I often get called in to help individuals improve their public speaking and presentation skills.
And often there is much work to be done with those individuals.
Through inexperience or lack of training, people — even highly-placed, successful professionals — need help:
- Developing a strategy that identifies their goal (what to accomplish in the time they have available with a particular audience) and ways of accomplishing it.
- Creating a compelling message that engages the audience’s hearts and minds and moves them to take action.
- Delivering that message with the right amount of drama to bring it alive.
But quite often the problem isn’t all the individual speaker’s fault.
Often individual speakers are set up to fail — to give a mediocre talk — by the organization, by its systems, culture, or processes.
Even proficient speakers have a hard time giving a winning presentation when:
- They’re given too little time to prepare.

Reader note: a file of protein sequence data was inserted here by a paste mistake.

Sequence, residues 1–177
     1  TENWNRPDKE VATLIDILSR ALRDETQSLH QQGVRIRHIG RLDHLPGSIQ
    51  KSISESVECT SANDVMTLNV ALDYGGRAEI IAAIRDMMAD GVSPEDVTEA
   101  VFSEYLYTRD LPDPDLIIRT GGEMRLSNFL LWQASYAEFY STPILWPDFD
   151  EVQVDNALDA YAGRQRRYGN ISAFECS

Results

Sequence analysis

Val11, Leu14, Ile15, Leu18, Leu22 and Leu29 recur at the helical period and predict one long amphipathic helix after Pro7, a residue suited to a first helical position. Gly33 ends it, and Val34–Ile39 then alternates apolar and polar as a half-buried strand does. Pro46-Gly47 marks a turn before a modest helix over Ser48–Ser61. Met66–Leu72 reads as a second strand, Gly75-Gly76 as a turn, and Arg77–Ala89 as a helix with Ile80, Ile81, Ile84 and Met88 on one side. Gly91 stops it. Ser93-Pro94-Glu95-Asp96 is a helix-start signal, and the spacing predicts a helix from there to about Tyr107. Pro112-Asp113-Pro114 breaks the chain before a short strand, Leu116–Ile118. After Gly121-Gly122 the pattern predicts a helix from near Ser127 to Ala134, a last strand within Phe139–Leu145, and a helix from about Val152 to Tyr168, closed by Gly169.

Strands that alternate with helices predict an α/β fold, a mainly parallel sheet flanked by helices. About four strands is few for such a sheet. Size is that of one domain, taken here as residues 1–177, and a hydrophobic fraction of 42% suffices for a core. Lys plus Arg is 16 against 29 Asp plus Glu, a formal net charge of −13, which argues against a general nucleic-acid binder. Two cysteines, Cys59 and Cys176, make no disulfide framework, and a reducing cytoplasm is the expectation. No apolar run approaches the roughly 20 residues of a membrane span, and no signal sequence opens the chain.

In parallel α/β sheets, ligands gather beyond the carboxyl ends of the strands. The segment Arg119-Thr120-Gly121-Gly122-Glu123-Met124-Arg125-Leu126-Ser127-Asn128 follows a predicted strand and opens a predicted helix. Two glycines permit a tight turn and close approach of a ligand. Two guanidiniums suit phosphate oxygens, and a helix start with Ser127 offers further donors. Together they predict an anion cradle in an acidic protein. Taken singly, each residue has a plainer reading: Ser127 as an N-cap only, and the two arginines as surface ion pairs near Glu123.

- They’re told to present a PowerPoint slide deck that was developed by someone else, and that they don’t understand or — worse — agree with.
- They’re scheduled to speak to an audience they know nothing about.
- They’re notified of significant changes in the agenda — the topic to be addressed or the time they’re assigned to speak — at the last moment.
- They’re interrupted early and often by people in authority who have an agenda of their own, which they haven’t previously communicated.
- They’re expected to sell an idea, product, or service that is fundamentally flawed.
There are, of course, strategies and techniques that individuals can master in order to cope with such situations. (Which isn’t to say that every situation can be salvaged or that every presentation can be a winner.)
And, at the same time, there are systemic issues that organizations need to address.
How do you think organizations can help their people give better presentations?